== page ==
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Stop Wasting Water

Wong Shu Lee  


  March 22, 2022

Today is the World Water Day. Freshwater is vital for life, supporting ecosystems and human civilizations. It is essential for drinking water, agriculture, irrigation, industry, and power generation. However, only 2.5% of all water on Earth is freshwater, of which less than 1% is accessible. 


Today, we will discuss some simple ways that everyone can do it on a daily basis at home to help conserve water. 


Fix leaks


The most common areas that experience water leakages are faucets, toilets, and showers. 


While you might think that drips of water will hardly amount to anything, a leaking faucet could waste as much as 20 gallons of water a day. A leaky toilet? 200 gallons a day. 


If you can’t fix it immediately, at least use a medium to save and keep the dripping water from the leakage. 


Turn off your tap when it’s not in use


Sounds pretty obvious, doesn't it? But it’s always the simplest task that we often overlook.


Whether you’re brushing your teeth, lathering your hands with soap, or shampooing your hair, you don’t have to leave the water running.


According to a 2013 UN report, Malaysians use an average of 220 to 240 liters of water per day, which is more than the recommended daily average of 150 liters!


So please, don't become a part of those statistics, and consciously put in a little more effort to turn the tap on and off.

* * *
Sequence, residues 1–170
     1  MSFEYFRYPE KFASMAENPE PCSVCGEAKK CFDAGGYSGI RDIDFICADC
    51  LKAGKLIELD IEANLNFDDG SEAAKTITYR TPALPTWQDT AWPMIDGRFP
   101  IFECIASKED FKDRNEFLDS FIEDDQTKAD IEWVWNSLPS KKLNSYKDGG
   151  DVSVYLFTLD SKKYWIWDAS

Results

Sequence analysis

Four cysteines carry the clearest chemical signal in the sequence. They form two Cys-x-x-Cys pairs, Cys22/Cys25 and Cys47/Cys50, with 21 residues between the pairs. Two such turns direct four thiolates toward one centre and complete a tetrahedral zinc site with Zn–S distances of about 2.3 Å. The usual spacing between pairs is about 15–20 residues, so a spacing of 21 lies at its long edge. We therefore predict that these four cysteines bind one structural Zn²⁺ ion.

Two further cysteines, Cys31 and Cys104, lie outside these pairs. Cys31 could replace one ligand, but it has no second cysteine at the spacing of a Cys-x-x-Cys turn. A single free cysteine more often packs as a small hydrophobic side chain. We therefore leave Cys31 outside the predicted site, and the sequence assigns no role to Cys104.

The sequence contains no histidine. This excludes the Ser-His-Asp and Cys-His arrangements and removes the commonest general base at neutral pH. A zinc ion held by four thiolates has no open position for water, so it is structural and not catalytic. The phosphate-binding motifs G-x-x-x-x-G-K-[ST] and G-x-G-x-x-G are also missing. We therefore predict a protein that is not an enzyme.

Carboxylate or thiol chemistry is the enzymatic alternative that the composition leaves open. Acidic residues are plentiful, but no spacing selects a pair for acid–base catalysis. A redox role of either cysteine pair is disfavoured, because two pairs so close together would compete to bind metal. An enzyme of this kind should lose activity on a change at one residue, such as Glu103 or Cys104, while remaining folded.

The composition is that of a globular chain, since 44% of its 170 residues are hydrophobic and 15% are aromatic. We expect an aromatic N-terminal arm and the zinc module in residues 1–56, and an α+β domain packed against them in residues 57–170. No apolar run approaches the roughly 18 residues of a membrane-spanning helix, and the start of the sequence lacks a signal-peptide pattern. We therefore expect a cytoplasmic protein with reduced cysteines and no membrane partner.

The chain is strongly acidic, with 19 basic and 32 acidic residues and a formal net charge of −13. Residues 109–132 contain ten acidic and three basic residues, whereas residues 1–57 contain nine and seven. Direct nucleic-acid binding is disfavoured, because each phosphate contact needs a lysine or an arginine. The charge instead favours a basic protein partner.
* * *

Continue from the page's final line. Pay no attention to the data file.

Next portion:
Use water-efficient appliances


Water-efficient appliances help you save water and ultimately, money. You could consider changing up some of these old fixtures at home, for products that help you conserve water: 


  • Toilet 
  • Bathroom sink faucet
  • Showerhead 
  • Dishwasher 


For example, you could buy a water-saving showerhead with a 1.5 gallon per minute (GPM) flow rate.


This saves 40% more water than most showerheads. You could also consider investing in a water harvesting system and energy-efficient dishwashers.


Take shorter showers


Each time you take a 10-minute shower, you use up about 50 liters of water. So letting the shower run for a minute as you shampoo your hair wastes much more water than you think.


If it helps, imagine yourself without water to shower over the next few days, because you’ve used up all of it today. 


Recycle your water


Recycling water doesn’t have to be a messy or unhygienic affair. For example, you can use mop water to flush the toilet bowl.


You could also collect rainwater in buckets and use them to wash your car. Or, you could use excess water from drinking cups to water your plants.


While all this might sound like quite the hassle at first, recycling water gets easier once you get to the hang of it. 



Let’s not take our water supply for granted. 


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